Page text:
At many medical schools, Advanced Placement (AP) or departmental exemption will not excuse you from the requirements. Hence, if you have placed out of the first introductory science course of a two-part series and that department here at Wesleyan has allowed the student to enroll in the second level course, the medical school will still expect the student to take at least one higher level course in that particular discipline. AP Calculus is an exception. If you took AP Calculus in high school and scored a 4 or 5 on the AP exam, and then take "Vectors and Matrices," or an even higher level math class, earning a grade of C or better, you may request that the AP credit appear on your Wesleyan transcript. If your AP calculus credits are on your Wesleyan transcript, they will be accepted by the medical schools requiring calculus that accept AP credits towards pre-requisite course work. When starting at Wesleyan having completed AP credits, visit the academic department that matches the AP courses you are hoping to include on your transcript. Please see the relevant pages on the Registrar’s website to ensure that the AP credits appear on your official transcript.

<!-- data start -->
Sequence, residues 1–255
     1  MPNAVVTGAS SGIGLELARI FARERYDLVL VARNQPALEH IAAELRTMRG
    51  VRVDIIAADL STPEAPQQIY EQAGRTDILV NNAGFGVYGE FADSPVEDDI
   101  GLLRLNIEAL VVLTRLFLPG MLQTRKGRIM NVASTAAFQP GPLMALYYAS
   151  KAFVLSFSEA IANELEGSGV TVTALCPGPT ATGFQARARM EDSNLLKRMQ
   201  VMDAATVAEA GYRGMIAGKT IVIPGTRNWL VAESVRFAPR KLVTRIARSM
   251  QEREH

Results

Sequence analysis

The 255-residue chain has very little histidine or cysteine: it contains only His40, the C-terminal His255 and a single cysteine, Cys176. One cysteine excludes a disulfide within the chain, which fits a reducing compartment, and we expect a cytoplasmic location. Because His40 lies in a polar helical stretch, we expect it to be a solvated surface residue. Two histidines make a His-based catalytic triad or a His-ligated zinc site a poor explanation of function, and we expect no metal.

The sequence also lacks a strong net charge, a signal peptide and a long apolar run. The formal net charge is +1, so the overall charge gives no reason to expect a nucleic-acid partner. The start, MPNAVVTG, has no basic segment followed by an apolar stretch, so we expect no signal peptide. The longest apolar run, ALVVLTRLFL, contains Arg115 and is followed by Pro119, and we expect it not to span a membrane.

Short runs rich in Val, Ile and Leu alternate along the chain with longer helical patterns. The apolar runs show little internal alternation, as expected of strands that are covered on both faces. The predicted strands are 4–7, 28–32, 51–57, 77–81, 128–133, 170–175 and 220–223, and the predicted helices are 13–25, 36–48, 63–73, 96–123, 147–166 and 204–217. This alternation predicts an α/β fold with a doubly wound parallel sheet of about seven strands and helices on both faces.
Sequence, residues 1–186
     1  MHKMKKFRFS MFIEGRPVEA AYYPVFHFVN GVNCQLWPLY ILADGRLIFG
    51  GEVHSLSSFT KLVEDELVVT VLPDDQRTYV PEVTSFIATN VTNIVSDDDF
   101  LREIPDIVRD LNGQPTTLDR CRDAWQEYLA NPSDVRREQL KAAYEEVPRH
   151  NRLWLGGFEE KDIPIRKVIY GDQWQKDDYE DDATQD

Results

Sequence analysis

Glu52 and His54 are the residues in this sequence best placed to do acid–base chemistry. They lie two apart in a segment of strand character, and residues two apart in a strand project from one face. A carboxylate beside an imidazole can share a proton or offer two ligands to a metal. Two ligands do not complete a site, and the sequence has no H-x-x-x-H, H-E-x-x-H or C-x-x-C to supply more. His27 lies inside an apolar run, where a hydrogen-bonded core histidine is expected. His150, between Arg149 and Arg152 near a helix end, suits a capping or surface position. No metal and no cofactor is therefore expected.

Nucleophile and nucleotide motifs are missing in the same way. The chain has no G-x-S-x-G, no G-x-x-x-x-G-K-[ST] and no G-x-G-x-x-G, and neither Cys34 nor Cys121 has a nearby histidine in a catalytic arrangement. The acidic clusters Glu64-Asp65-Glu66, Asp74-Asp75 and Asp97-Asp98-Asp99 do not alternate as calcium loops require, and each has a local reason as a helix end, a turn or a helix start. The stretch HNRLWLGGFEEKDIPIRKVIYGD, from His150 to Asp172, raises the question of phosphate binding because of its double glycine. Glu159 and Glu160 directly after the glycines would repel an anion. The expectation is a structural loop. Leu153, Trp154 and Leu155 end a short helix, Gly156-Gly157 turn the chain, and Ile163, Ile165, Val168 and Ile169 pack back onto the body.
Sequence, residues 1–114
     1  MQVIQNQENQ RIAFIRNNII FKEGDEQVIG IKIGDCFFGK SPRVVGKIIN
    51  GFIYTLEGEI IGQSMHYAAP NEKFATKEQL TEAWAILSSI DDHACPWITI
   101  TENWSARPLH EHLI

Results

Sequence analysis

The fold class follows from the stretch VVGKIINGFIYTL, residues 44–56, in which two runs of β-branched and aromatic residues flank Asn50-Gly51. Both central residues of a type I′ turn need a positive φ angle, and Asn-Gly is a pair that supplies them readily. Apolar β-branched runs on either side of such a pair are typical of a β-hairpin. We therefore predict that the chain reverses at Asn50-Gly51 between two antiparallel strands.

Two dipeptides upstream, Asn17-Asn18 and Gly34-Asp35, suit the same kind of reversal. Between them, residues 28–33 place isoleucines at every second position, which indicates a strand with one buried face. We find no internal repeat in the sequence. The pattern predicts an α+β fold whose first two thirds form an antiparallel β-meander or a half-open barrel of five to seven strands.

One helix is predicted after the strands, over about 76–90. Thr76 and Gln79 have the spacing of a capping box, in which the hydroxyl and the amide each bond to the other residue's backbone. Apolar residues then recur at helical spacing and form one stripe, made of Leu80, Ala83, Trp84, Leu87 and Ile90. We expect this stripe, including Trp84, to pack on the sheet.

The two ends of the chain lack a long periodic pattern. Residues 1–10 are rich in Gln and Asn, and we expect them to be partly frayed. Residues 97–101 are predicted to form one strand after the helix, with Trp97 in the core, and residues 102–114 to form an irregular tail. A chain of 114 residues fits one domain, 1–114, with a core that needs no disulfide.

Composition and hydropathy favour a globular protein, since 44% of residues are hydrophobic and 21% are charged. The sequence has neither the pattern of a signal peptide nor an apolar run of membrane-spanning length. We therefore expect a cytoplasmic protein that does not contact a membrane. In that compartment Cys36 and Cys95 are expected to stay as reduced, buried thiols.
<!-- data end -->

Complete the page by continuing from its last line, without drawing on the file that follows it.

Be aware that there are many myths about medical school requirements. If you are unsure, or hear something unusual about a particular school that you are interested in, talk to the Health Professions Advisor/Program Coordinator or contact the medical school admissions office directly (they are always happy to help). The Health Professions Advisor/Program Coordinator here at Wesleyan is available to assist you in creating a plan by which you may complete the admission requirements.

For those of you who began considering medicine well into or beyond your undergraduate years, there are Post-Baccalaureate Pre-Medical Programs throughout the country. These programs allow you to complete medical school requirements in one or two years of intense study. These required courses may also be taken while enrolled as a non-degree student at most four-year, US institutions that offer them. There are also post-bac programs that prepare post-grads for other health professions such as physician assistant and dental. For preparation for nursing schools, there are accelerated nursing programs that prepare students for the BSN degree or that of nurse practitioner.